- There's also the fact that the ship is powered by Matter-Antimatter annihilation. The Self-Destruct Mechanism isn't a reactor overload in the traditional sense, but rather a simple explosive disabling of the structures that separate the two fuel sources. The five-second mark is when the scuttling charge kicks in, blowing the safeties to hell and gone. Five seconds later is when the annihilation happens. Stopping the process any time before that point isn't 'cooling down' the engine, merely preventing the scuttling charge from detonating.
- There was an episode of Zoey 101 that featured Miranda Cosgrove as a girl genius who had developed an alternative energy source that was tested at the school. The instafix when things go out of control is Zoey's room key.
- Stargate Atlantis had an example where the ZPM powering the city was tampered with. Normally, the bugger has several failsafes that prevent the power grid from drawing too much power and overloading it; the Goa'uld-infested Caldwell uploaded a program that disabled these then activated the city's inertial dampeners to produce the required energy drain. Cue the ZPM overloading (complete with it's otherwise steady golden glow flickering on and off) to the point where they barely managed to reenable the failsafes at the last minute before it would've detonated in an Earth-Shattering Kaboom. As soon as the failsafes were on however, the ZPM instantly stabilized.
- Averted in the episode Trinity: McKay tries to shut down the Arcturus reactor but it had already gone too far.
- Subverted in Half-Life 2 Episode 1: the containment field for the Dark Matter reactor is reactivated, but it overheats and explodes anyway. The damage was already done, but the player is simply attempting to delay the explosion long enough to evacuate the city. Said situation isn't helped by the Combine trying to accelerate the explosion.
- Subverted in Tales Of Vesperia. After Rita fixes Heliord's barrier blastia at the last second, it blows up in her face. It then works perfectly again after the explosion.
- Played straight in Metroid Fusion, after Samus reactivates the Main Boiler cooling unit, everything returns instantly back to normal.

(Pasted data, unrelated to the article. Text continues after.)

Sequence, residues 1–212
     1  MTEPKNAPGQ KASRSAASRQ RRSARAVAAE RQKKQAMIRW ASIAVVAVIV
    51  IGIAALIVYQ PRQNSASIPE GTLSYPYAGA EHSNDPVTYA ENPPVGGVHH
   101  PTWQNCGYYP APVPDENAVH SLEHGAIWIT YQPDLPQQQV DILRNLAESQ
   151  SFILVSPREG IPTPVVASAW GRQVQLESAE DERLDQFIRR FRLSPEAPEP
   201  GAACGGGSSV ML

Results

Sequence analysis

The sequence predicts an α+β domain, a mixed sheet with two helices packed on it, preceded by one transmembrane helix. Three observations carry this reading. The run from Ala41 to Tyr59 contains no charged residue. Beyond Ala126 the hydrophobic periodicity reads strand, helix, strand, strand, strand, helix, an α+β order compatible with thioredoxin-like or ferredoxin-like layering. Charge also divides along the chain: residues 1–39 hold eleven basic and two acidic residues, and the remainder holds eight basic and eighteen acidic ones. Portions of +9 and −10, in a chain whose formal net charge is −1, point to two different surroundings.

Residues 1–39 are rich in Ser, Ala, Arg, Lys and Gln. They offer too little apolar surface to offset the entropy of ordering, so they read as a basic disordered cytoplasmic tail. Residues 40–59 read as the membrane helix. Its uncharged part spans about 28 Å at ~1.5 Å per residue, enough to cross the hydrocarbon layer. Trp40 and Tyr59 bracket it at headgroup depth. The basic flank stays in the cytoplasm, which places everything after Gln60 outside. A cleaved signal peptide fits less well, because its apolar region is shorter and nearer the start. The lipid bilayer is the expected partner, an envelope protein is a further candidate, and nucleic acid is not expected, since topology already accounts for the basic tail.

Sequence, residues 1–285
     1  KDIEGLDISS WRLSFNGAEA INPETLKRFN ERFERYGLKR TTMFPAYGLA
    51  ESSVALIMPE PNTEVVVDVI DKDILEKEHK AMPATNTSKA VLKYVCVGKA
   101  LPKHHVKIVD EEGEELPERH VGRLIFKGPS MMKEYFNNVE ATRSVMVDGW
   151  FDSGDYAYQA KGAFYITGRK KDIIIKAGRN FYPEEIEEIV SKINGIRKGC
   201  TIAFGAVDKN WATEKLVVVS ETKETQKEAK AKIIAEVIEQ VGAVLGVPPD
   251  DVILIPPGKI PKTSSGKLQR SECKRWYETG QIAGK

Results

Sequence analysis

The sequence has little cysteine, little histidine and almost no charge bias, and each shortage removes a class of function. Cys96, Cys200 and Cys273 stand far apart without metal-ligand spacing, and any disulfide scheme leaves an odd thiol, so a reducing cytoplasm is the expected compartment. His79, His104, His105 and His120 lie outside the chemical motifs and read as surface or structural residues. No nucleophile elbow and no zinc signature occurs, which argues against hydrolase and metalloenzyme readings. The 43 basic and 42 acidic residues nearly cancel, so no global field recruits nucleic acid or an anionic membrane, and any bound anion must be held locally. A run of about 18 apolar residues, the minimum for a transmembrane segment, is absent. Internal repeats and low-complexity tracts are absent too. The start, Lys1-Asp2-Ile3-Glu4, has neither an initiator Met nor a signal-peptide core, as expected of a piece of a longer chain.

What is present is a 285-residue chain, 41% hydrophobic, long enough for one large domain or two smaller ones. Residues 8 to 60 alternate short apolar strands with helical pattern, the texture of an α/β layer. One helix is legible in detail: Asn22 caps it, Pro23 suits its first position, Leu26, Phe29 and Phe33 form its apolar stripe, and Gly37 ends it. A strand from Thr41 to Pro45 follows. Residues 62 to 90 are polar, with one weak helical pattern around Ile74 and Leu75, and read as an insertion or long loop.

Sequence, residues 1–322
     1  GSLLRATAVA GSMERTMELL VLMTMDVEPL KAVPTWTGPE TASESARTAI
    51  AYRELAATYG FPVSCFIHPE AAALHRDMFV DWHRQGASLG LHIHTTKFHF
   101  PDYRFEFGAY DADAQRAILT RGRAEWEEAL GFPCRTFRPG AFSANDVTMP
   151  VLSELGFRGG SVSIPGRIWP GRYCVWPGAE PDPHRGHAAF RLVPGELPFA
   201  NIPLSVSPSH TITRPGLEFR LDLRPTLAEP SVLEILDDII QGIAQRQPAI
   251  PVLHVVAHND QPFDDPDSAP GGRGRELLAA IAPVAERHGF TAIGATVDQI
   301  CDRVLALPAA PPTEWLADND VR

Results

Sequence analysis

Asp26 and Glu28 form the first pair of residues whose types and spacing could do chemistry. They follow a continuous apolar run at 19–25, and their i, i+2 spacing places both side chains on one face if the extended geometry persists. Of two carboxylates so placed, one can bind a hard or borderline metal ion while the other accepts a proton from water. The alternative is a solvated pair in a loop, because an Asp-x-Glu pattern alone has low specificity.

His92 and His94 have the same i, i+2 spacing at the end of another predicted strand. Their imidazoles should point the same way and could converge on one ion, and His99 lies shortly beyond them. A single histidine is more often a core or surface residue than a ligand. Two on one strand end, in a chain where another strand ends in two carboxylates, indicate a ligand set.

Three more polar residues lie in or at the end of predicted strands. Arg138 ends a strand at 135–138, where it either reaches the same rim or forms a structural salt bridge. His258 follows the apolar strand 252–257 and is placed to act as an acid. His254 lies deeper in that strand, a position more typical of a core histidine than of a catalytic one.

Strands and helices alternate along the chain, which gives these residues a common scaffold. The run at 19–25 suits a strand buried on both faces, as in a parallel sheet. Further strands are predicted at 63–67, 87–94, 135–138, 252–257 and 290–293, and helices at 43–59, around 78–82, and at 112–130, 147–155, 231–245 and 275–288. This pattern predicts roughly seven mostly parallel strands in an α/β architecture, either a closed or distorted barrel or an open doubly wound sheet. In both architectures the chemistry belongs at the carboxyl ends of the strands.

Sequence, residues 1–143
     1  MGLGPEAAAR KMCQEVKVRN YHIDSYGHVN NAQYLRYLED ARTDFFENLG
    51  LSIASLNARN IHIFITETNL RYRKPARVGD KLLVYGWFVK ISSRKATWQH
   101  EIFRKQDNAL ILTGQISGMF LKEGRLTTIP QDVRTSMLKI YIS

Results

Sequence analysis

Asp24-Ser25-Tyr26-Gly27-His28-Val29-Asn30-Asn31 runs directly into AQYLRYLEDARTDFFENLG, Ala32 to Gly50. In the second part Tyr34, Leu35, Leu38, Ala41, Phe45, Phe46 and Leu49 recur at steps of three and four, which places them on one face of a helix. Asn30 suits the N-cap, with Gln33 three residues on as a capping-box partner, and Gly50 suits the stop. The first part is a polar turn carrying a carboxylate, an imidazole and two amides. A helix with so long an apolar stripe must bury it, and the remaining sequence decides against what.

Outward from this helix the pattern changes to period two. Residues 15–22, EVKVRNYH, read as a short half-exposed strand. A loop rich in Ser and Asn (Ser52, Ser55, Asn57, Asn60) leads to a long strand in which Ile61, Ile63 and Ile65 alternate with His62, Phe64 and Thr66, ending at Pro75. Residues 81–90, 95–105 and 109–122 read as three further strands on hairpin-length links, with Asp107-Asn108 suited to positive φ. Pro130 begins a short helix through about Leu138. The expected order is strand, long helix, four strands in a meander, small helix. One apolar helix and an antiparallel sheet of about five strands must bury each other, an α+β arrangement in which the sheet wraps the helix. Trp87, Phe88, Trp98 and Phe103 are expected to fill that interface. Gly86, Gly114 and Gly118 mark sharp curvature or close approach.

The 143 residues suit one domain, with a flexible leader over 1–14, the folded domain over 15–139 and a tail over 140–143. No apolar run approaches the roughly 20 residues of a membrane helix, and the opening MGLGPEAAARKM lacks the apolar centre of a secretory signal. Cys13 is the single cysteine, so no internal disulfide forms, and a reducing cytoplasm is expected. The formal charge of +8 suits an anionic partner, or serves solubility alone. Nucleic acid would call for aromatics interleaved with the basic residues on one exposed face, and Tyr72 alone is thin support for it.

- At the end of Portal 2, the Big Bad's mismanagement of the Enrichment Center has brought it to the brink of a nuclear meltdown and the Final Battle is a race against the clock to put GLaDOS back in control before the whole place explodes. Meanwhile, the facility is breaking apart around you with flames everywhere, alarms, you name it. After the fight is won, the next scene, some hours later, shows the facility restored to normal functioning and fully repaired, with not even a Hand Wave as to how this was accomplished.
- A blue screen preceding one of the test chambers in Wheatley's track explains to press any key in order to vent the radiological emissions into the atmosphere, and then consult the manual on how to repair the reactor core - something GLaDOS would naturally have in her body's memory banks. It's still fixed within minutes of the boss battle ending, however.
- Done in Conduit 2 with the pulsing, antique runaway Nazi nuclear Doomsday Device that Prometheus disables ten seconds before it blows.
- Video cards in computers cool down very quickly after exiting graphic-intensive video games, often-times managing to drop 20 degrees Celsius in less than 30 seconds. However, once you've fried a chip by overheating, it's done; might as well throw it in the trash.
- The entire point of heatsinks is to get as close to this trope as possible; fans are used to move the heated air faster than natural convection would* . A contraption like this would completely justify the trope.
- If only it worked like that in real-world nuclear reactors. Even after shut-down, nuclear fuel still releases decay heat due to short-lived radioisotopes left over from the original chain reaction decaying, releasing radioactivity and heat. This heat that must be removed or else it will cause a meltdown. In fact, about half of a nuclear reactor's safety features are just there to allow decay heat to be vented away. Decay heat piling up after a cooling system failure was the main cause of the Three Mile Island accident and the Fukushima disaster.